Generally in modern usage, the term gas engine refers to a heavy-duty industrial engine capable of running continuously at full load for periods approaching a high fraction of 8,760 hours per year, unlike a gasoline automobile engine, which is lightweight, high-revving and typically runs for no more than 4,000 hours in its entire life. Typical power ranges from 10 kW (13 hp) to 4 MW (5,364 hp).
The use of gas engines for power generation has become more widespread in recent years. Their growing use has accelerated both commercial and technical demands on gas engine lubricants, and encouraged engine operators to increasingly demand performance expectations beyond the minimum required by the manufacturers.
All engine oils are lubricants, a blend of two components – base oils and additives, basically used in mechanical engines to reduce tear and wear of machines. Every oil is blended to meet the required lubricant performance of the legislation standards, together with the application, whether it is an engine, transmission or hydraulic oil. Lubricants for large internal combustion engines used in stationary applications. These types of engines are extremely widespread as generators of electricity or used in the environmental sector because they allow the recovery cycle of the most varied types of waste; thanks to the use, as fuel, of the gases originated from landfills, wastewater treatment plants or agricultural activities.
Factors that have enhanced Gas Engine Oil(GEO) performance
There are factors that have pushed traditional gas engine oil (GEO) formulations to their limit and have highlighted the performance limitations of traditional additive solutions. A careful rebalancing of advanced additive and base oil systems is set to deliver improved performance over traditional lubricants to meet the challenges of current and future gas engine design.
To ensure trouble-free operation of their engines, engine manufacturers essentially dictated minimum performance requirements for GEOs which consequently evolved with engine design.
However, today’s engine operators are also demanding performance features beyond those minimum levels to enable them to achieve cost-effective engine operation. While the engine manufacturers’ requirements are mandatory, those of the engine operators allow lubricant manufacturers to differentiate their products on performance grounds.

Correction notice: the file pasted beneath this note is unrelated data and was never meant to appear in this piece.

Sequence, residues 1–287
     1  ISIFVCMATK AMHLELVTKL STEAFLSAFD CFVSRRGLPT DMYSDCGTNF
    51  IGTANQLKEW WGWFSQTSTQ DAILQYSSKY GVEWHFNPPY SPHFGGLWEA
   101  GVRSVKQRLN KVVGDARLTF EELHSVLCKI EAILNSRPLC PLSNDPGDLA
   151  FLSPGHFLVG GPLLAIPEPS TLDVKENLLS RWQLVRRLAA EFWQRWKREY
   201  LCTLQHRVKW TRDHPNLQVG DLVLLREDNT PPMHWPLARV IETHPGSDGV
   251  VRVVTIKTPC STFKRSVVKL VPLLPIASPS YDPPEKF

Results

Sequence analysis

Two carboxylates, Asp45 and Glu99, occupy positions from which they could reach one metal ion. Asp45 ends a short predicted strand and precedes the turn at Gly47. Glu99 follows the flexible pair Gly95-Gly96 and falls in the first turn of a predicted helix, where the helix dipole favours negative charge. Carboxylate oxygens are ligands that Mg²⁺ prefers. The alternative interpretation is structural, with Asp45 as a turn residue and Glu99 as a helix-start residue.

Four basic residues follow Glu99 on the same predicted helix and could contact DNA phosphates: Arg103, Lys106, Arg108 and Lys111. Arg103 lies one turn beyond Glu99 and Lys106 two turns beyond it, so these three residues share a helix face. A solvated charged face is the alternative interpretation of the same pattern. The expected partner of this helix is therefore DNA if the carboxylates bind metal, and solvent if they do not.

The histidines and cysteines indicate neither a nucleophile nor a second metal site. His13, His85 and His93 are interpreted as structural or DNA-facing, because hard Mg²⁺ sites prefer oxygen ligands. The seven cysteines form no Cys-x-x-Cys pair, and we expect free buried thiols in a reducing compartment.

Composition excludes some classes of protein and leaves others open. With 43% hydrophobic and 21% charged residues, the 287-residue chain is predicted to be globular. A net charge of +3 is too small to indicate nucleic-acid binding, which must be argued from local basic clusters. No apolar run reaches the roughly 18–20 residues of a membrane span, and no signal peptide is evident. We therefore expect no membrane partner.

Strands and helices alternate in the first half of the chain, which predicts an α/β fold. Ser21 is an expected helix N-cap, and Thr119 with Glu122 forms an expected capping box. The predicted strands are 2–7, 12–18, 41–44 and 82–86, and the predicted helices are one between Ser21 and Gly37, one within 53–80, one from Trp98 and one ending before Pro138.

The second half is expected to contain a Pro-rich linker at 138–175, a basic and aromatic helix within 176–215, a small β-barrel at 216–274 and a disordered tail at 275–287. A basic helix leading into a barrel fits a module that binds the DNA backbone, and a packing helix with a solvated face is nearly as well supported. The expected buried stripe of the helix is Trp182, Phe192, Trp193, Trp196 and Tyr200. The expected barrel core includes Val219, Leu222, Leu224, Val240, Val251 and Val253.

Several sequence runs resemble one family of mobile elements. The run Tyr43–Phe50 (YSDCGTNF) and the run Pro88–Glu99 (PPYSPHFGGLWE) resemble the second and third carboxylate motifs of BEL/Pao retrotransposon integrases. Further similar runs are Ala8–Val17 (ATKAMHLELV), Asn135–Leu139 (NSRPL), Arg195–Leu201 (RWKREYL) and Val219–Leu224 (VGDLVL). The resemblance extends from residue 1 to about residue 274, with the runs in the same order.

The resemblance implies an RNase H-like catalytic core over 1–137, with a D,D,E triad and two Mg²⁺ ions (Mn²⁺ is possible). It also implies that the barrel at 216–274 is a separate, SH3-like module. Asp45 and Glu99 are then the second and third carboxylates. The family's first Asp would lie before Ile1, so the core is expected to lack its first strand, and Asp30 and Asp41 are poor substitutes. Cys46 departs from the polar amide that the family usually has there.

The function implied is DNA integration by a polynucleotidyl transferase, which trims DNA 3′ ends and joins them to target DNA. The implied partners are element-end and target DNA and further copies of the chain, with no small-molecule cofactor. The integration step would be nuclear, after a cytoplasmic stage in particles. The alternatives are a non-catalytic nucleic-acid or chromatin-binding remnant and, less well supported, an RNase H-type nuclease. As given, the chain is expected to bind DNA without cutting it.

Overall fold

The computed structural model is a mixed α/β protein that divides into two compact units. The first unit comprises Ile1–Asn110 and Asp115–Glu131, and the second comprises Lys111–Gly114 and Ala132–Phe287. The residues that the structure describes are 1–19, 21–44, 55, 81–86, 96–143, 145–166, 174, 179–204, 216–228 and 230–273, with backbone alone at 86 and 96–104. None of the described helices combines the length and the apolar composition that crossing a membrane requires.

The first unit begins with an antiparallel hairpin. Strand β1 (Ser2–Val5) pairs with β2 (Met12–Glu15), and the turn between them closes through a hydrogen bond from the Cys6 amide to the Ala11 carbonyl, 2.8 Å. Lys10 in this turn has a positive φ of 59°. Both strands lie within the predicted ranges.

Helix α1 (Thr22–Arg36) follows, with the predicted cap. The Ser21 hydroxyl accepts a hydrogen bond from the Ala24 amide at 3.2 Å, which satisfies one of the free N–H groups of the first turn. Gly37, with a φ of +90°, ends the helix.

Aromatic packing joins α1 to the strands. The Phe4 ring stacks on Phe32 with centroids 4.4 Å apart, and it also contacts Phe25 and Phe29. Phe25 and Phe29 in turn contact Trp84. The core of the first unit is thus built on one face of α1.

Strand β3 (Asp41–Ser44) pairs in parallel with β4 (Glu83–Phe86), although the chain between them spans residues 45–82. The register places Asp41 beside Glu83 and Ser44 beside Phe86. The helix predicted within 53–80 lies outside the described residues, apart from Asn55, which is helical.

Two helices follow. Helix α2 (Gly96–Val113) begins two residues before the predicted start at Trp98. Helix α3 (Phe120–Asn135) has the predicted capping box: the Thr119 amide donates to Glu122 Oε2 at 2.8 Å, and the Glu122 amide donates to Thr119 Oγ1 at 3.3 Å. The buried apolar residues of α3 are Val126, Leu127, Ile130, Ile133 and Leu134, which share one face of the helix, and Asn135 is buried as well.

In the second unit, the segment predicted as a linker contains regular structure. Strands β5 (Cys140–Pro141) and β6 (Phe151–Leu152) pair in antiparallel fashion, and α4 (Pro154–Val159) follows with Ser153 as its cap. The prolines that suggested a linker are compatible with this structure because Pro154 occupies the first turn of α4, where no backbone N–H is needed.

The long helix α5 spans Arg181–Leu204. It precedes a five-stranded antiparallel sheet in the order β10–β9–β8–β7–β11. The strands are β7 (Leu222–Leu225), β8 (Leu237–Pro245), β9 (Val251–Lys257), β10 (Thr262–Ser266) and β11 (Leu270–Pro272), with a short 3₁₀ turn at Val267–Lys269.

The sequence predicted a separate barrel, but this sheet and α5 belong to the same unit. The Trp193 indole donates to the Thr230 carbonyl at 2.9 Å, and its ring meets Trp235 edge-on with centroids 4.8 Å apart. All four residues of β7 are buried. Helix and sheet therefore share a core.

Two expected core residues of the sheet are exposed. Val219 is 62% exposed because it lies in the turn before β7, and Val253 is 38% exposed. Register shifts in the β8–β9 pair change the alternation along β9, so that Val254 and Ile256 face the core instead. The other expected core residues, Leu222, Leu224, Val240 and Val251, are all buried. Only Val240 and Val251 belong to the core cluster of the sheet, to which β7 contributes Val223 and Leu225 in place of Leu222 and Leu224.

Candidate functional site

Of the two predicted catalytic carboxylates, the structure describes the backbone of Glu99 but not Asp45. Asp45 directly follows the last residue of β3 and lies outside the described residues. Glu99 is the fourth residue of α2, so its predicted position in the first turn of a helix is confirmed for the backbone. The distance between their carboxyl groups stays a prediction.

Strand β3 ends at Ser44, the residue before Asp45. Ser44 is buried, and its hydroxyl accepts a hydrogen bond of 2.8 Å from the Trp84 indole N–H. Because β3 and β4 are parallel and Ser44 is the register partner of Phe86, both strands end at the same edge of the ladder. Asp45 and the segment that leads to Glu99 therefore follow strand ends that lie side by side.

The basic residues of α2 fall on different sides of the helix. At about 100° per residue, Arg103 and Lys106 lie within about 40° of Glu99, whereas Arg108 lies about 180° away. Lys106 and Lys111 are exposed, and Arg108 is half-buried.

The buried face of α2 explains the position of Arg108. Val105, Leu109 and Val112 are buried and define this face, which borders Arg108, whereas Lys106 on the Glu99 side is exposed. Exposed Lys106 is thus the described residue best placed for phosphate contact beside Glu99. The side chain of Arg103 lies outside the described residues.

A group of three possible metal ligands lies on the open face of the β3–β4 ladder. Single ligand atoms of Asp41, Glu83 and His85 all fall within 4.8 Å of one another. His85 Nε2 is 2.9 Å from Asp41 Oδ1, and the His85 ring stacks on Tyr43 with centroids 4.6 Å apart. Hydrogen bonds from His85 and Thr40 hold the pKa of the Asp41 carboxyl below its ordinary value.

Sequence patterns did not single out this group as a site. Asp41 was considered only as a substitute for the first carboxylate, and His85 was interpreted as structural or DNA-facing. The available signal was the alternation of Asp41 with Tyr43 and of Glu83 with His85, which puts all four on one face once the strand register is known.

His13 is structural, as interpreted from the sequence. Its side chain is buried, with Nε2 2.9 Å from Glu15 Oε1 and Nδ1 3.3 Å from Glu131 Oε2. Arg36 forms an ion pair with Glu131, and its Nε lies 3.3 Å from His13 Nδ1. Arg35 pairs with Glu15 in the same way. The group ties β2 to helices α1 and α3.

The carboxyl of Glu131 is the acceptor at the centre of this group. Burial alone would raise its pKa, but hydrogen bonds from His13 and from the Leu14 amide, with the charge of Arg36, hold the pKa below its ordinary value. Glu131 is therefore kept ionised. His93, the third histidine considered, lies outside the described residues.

Trends in Recent times
In an effort to increase engine load and mechanical efficiency, there have been several recent developments in gas engine technology. One key improvement is the increased use of electronics, possibly combined with dual fuel operation, for better combustion control. This involves ignition by diesel fuel rather than a spark plug.
So far, these advanced designs have not led to alteration in the manufacturers’ requirements for the lubricant. However, future changes will need to support control of emissions, exhaust gas deposits and knocking.
Engine Operators’ Requirements
Engine operators expect more from a lubricant than simply trouble-free engine operation. Because engine components have become more durable, it is often the end of the lubricant’s lifetime that requires maintenance work to be performed during scheduled outages. A lubricant’s ability to reach very long drain intervals (4,000 hours) in any engine model is highly desirable.
Because traditional additives and conventional base oil systems have reached their limit in that respect, particularly in the smaller engines, the focus has turned to using higher performance base oils. However, traditional additive chemistries often struggle, particularly in terms of deposit control, in these higher performance base oils.
Like any engine oil, a gas engine oil is a combination of additives and base oil. Given the importance of oxidation/nitration control on the performance assessment of a GEO, appropriate selection of both is essential.
Engine Manufacturers’ Requirements
One of the key requirements of engine manufacturers who need trouble-free operation is the avoidance of knocking, which can lead to the destruction of the cylinder unit. In large gas engines, the formation of deposits in the combustion bowl is known to initiate knocking. Lubricants designed with low sulfated ash content reduce this risk.
Gas engine manufacturers specify the range of sulfated ash content that is suitable for each engine they market. This ranges from less than 0.1 percent ash by weight - known as ashless, less than 0.5 percent ash by weight described as low ash, through less than 1 percent ash by weight referred to medium ash, up to greater than 1 percent ash by weight regarded as high ash.
To endorse any lubricant, engine manufacturers require proof of performance in field trials from 4,000 to 10,000 hours in an approved installation. The main areas of interest for the field performance of a GEO include:
Resistance to Oxidation and Nitration
Gas Engine Oils (GEOs) need to have the ability to neutralize the acidic by-products of oxidation and nitration. The effects are visible on lubricant parameters such as viscosity, rise in acid number, drop in base number, infrared analysis of used oil, and on engine parameters such as engine cleanliness and bearing corrosion.
Control of Deposits
The oil must deliver virtually, no deposit to the combustion bowl given the engine sensitivity to knocking.
Control of Corrosion: This is particularly important when the gas is especially corrosive, and where engines are fitted with bearing technology known for its sensitivity to corrosion.
These data give formulators the information they need to design new GEOs and are provided as guidelines to engine operators to indicate drain intervals. Assurance of these guidelines requires continuous condition monitoring by used oil analysis.
Contact us for your high performing gas engine oils and other quality lubricants.